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How to Boost Visibility Between Sales, Merchandising, and Delivery

Let’s say you’re a beverage distributor, and because of a traffic closure outside your control you're about to wind up delivering a number of cases to one of your top customers significantly later than you promised. To help smooth things over, you want to send a salesperson to meet the delivery truck when it arrives at the customer’s location an apology, a discount, or something else to make it clear how much you still value their business. At the same time, you’re operating in a state where merchandisers for alcoholic beverages need to arrive at the site alongside the shipment, which means you need to make sure they adjust their plans accordingly as well. How easy or difficult is it to coordinate all that in the moment?  

sales, merchandising, and deliveryFor most distributors, the answer to that question is going to depend on how much visibility there is between merchandising, sales, and delivery. If each function has real-time transparency into each other function’s workflows before, during, and after the delivery process, you can identify the need for some extra TLC in the moment. Not only can you identify it, you can act on it, but adjusting the schedules of sales and merchandising personnel to account for the late delivery. This is obviously still not ideal from the customer’s standpoint, but it’s a lot better than a late delivery with no explanation or followup. 

Conversely, if you’re not operating with that level of visibility—if sales, delivery, and merchandising operate in functional silos where planners struggle to coordinate—the situation looks quite different. Sure, you can still schedule some follow-up with a sales rep, but it might not be the same day. Meanwhile, the merchandiser might arrive well before the delivery truck and waste a significant amount of time on site twiddling their thumbs. In other words, the customer experience might be frustrating even above and beyond the lateness of the delivery. 

In a nutshell, these two different versions of the same scenario, suggest an important point: that visibility and coordination between delivery, sales, and merchandising is a must-have for modern food and beverage distributors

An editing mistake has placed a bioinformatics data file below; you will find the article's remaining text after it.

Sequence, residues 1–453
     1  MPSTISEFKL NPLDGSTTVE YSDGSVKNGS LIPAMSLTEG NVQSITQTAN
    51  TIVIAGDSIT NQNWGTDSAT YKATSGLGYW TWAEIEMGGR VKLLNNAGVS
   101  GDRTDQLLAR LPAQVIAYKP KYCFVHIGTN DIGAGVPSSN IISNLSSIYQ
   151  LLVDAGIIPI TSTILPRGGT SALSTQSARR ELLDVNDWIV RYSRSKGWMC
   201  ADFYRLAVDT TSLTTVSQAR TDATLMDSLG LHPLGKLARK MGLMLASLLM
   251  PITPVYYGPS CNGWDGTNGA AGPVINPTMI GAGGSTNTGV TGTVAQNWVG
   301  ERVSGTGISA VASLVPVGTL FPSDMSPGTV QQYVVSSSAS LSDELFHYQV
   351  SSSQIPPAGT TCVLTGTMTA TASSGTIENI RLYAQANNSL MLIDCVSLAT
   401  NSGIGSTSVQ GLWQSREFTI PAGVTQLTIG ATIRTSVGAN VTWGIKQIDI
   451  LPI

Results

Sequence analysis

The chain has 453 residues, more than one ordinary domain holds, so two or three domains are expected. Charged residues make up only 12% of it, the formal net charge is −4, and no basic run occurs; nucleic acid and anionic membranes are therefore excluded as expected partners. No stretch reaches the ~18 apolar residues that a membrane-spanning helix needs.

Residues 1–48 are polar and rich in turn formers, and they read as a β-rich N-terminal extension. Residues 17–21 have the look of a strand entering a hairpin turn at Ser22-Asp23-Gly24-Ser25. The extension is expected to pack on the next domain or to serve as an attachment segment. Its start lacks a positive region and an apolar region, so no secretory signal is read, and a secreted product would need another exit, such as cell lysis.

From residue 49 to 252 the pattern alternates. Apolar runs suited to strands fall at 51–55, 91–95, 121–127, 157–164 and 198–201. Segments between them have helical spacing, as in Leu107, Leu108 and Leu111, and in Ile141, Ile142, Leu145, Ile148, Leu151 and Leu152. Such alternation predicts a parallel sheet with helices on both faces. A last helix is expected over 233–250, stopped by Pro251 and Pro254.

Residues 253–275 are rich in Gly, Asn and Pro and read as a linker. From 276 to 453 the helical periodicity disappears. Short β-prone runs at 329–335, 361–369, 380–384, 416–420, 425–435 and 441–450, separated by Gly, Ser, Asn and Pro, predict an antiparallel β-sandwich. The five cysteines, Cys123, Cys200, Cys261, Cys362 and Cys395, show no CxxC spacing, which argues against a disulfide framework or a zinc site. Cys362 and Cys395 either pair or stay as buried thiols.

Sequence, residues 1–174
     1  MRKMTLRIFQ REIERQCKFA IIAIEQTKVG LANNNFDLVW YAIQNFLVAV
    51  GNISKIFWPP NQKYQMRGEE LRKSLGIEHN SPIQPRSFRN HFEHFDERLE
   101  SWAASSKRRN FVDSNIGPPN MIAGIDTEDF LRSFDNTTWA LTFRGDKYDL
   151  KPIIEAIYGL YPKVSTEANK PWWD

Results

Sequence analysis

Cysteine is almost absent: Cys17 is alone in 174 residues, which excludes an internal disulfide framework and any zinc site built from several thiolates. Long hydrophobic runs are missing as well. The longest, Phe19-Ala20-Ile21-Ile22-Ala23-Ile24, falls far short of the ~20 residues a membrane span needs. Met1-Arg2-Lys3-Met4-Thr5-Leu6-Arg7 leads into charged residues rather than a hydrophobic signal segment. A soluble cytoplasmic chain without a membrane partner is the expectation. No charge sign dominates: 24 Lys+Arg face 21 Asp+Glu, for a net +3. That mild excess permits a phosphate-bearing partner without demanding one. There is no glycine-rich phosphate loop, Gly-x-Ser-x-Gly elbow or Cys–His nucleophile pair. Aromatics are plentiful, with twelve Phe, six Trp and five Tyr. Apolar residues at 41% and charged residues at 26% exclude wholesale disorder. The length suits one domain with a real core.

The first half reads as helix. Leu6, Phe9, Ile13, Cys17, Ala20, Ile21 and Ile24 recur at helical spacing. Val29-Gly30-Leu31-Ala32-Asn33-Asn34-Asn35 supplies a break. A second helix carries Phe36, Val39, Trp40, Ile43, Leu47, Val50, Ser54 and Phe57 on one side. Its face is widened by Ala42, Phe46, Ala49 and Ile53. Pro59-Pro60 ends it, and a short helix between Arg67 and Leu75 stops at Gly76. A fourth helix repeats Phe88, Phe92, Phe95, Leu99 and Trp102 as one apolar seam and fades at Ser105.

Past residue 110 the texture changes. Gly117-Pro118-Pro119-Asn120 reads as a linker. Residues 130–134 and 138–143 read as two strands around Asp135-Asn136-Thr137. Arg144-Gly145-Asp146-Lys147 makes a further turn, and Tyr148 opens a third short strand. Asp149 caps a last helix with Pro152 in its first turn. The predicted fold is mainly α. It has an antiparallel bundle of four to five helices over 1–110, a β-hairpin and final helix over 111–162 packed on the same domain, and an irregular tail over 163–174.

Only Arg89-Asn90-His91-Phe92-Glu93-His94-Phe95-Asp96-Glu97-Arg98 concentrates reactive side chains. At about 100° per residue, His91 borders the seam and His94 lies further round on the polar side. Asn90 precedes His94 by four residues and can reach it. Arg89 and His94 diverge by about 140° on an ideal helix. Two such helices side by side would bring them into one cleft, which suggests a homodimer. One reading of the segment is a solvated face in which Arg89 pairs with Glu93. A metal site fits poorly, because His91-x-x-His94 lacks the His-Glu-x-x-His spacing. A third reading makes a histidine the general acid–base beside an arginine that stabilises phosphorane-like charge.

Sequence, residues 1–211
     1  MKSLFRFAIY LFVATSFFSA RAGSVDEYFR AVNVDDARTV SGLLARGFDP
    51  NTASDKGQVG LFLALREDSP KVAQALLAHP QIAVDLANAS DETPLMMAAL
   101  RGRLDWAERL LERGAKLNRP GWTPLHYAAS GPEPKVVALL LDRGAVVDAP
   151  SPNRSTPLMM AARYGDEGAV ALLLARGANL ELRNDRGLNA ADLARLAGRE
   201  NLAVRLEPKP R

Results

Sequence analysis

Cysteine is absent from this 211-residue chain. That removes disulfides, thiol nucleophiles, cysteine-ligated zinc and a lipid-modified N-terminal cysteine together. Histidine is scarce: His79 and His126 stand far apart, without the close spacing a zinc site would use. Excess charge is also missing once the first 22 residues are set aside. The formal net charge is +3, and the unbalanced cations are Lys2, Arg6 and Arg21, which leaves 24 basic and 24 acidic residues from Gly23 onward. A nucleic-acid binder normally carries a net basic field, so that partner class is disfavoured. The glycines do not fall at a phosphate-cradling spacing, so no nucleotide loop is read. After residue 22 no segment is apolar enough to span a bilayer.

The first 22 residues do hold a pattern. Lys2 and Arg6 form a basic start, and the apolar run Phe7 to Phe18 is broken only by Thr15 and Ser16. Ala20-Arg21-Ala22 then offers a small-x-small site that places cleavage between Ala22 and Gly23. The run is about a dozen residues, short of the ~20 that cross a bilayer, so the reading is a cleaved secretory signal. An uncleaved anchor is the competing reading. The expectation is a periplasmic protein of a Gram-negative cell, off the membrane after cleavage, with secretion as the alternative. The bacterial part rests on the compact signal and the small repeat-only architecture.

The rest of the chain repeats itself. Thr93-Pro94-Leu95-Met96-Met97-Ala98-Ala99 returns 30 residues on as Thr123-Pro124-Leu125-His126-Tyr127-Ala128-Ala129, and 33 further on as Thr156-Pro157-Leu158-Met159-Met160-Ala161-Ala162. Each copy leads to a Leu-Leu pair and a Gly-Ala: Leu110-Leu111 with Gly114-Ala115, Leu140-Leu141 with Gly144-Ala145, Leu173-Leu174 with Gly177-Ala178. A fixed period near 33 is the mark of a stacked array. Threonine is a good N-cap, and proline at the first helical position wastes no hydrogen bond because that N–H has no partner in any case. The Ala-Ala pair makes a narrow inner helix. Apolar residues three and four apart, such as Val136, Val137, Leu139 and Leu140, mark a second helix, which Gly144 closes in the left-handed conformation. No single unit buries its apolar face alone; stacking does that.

Why Coordination Across Functions Is a Challenge

Right now, the low-visibility scenario is the default for many food and beverage distributors across the country. Coordinating across functions tends to be a hurdle, and the technological status quo doesn’t do much to help with overcoming that hurdle. Different functions often use separate software solutions to manage their workflows, and the business as a whole lacks a single source of truth when it comes to serving customers. 

In the absence of a single source of truth, making decisions about how to best approach each day’s customer interactions can become haphazard. Sales ops might want delivery to find a way to make a particular stop at a particular time, but neither department can say what the cost implications will be and thus have no way of making a data-driven decision. Sometimes there’s a discrepancy in data between the two systems that’s hard to resolve—but just as often there’s no usable data to speak of and the decision gets made based on gut feelings. 

Once the deliveries are underway, this disconnect only becomes more exaggerated. With no direct insight into deliveries as they’re unfolding, sales personnel have nothing to go on. They might get a call from the distribution center at some point requesting they make a detour to a particular customer, or they might simply go about their days without any real coordination. Obviously, this doesn’t lead to the most efficient possible mode of ensuring efficient customer service and sales/delivery operations. 

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How to Boost Cross-Functional Visibility